Hiromatsu said he was surprised by the diverse cuts and presentation of American pork. He said he was under the impression that supermarkets here offer only large portions and limited selections.
The delegation is scheduled to visit a Swift plant in Worthington and a Hormel plant in Austin.
Courtland-area pork producers Reuben and Judy Bode were on hand to answer questions about how the hogs are raised. They showed a brief video that showed off the cleanliness of their 2,500-sow farm. Each sow gives birth to about 29 piglets a year. Giving farm tours is difficult because of concerns about spreading disease, so the video was the next-best thing.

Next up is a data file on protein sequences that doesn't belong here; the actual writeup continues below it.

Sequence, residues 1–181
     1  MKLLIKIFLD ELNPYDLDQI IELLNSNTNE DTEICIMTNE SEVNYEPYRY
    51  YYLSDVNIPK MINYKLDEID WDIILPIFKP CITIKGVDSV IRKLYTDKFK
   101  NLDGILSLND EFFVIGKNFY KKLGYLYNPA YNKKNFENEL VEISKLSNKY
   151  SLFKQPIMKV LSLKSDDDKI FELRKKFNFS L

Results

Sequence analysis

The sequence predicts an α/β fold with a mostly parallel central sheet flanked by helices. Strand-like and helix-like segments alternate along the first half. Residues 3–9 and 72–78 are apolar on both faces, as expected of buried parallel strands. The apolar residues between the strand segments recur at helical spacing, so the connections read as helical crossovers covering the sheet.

Their message was that Minnesota pork producers care deeply about food safety, and the industry is “highly regulated,” as Reuben Bode put it.
Giving the buyers a look at how pork is raised and processed gives them confidence in buying it, Preisler said. And it lets them identify the product with real people, he said.
If these buyers decide to buy American pork, they probably won’t specify that it comes from a particular farmer, or even a particular state. So the delegation won’t be setting up deals with producers, which means the officials won’t know for some time whether the trip bore fruit.